Those circumstances are unlikely to repeat, therefore the tool should be discarded, recycled as it were, where certain parts of it may be combined with other recycled parts on the future, in new situations. To maintain the tool indefinitely is to reduce the number of parts you have with which to build a new tool for the next task.

The weak minded, lower animals and machines are consistent. No Man should be treated as those things. I will not allow others to treat me in such a manner. I am a free man, a product of instinct and education and I will not limit myself in some vain attempt to overpower the order of nature by molding it into perfect shapes. I will embrace inconsistency, I will wallow in illogic and be Human. No animal, no sick soul, no machine. I will do as I will and will not stop, I am unstoppable, as long as my body has life. I am Human.

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Unhappy

"I am not a number! I am a free man!"

Unfortunately, as Huxley noted, the alert minds which correctly note this creeping tyranny "fail to take into account man’s almost infinite appetite for distractions”. Western society has already become obsessed with conformity to mass consumerism; conformity to police-state dictats should be relatively easy, as long as the growth of social media and popular entertainment doesn't slacken.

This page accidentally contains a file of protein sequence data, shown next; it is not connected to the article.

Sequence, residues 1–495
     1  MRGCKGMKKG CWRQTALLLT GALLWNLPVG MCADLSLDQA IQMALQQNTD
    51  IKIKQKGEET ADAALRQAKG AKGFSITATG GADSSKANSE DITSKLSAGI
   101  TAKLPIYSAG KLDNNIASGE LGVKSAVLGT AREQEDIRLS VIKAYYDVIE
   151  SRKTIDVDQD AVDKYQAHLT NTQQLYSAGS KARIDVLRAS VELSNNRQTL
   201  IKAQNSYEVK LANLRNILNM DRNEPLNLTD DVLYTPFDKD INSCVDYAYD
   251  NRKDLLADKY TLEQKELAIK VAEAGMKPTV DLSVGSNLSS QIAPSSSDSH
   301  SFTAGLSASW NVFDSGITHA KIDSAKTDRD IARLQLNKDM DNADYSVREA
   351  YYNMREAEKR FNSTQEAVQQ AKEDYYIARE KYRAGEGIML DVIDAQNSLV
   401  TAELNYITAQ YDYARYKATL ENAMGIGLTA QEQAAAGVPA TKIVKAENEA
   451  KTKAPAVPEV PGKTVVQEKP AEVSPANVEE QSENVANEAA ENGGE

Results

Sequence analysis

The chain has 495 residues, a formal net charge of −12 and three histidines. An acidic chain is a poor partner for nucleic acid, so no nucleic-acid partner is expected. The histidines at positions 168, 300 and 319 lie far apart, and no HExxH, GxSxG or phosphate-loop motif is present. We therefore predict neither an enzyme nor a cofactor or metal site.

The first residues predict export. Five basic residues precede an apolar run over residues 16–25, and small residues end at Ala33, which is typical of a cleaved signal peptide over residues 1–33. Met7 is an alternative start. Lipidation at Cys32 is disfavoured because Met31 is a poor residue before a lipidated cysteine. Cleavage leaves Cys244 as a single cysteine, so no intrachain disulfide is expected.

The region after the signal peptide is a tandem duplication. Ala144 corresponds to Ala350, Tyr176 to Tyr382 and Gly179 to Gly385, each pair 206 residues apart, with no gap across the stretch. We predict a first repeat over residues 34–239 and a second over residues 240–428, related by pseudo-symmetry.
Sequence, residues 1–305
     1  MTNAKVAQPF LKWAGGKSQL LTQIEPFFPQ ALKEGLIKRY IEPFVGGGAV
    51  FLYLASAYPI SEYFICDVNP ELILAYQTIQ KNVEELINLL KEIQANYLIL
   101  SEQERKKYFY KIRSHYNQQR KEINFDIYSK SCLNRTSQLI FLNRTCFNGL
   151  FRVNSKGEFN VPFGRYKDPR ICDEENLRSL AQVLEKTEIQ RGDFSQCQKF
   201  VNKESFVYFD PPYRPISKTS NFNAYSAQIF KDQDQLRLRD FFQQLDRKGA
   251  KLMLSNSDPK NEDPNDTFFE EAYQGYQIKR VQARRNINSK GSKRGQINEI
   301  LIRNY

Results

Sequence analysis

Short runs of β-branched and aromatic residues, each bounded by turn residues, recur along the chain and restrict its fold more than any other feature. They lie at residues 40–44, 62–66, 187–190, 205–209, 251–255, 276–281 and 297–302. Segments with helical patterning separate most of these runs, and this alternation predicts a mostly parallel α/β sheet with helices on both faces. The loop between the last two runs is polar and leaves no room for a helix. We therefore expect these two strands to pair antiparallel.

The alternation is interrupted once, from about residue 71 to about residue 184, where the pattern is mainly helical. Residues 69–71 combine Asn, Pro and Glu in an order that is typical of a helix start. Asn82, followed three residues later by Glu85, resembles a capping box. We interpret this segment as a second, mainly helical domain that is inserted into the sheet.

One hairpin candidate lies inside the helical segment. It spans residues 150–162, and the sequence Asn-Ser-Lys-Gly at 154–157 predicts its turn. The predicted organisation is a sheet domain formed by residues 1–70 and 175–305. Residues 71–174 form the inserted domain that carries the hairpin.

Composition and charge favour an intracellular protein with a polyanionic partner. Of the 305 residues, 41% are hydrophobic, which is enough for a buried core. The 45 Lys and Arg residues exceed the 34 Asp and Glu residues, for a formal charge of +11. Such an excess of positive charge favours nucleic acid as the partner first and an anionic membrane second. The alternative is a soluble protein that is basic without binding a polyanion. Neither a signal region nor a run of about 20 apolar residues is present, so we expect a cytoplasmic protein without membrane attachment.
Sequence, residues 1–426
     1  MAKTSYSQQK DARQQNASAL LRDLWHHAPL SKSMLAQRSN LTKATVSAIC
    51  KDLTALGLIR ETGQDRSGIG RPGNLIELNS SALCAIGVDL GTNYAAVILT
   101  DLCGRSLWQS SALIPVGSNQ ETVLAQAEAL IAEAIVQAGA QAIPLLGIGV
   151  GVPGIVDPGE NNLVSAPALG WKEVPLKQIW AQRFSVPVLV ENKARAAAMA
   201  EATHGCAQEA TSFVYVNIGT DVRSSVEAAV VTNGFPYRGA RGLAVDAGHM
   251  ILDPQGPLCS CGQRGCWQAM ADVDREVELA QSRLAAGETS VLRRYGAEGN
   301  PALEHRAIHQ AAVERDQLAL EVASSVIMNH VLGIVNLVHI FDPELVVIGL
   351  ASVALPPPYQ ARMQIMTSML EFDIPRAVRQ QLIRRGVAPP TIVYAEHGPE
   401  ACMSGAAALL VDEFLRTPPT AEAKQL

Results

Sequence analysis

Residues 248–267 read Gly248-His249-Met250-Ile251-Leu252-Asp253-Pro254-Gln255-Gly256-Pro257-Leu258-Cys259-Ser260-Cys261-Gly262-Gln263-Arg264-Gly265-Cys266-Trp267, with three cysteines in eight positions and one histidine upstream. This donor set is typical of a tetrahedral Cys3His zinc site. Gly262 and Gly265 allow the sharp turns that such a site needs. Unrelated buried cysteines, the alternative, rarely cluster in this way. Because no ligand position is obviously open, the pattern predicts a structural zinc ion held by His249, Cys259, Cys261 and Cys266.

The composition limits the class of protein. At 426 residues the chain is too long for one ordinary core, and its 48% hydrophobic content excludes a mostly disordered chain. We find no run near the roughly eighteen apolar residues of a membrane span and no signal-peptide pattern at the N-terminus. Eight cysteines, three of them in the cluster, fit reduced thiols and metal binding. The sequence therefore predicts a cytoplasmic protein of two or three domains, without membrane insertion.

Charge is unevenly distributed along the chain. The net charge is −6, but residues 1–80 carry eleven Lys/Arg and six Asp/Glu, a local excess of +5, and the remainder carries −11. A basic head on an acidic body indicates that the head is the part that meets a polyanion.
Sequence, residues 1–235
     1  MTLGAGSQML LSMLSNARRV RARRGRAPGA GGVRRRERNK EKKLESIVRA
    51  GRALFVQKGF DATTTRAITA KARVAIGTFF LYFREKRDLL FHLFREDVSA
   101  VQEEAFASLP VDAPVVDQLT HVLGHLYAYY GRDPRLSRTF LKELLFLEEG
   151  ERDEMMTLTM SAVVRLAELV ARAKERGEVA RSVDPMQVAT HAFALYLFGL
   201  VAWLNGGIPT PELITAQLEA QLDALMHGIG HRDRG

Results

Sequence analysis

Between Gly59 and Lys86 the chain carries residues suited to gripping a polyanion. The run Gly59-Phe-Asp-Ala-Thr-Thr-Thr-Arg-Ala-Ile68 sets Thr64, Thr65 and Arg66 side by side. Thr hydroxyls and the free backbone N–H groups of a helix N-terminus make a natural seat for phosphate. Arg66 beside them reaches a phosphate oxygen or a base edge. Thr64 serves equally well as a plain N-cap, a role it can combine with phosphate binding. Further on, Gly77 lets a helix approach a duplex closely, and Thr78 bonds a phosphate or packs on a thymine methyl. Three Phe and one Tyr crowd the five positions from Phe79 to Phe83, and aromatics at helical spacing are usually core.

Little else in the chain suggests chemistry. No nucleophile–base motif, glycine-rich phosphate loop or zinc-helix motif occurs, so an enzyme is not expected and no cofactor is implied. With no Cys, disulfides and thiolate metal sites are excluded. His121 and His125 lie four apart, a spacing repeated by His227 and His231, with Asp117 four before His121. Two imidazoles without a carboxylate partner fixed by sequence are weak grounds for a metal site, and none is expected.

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I'm going to repeat a post I made on another forum; it has relevance.

It strikes me that the creation of 'terrorist' laws are the ultimate success of the terrorists' actions: they show that they have instilled terror in the minds of the people and their law-making representatives.

- terrorism laws remove the checks and safeguards present in the previous laws; in particular the presumption of innocence, the right to be tried on presented evidence by a jury of your peers, the right to challenge - and in some cases even to know - the evidence presented against you, and the right to be punished only after you have been found guilty.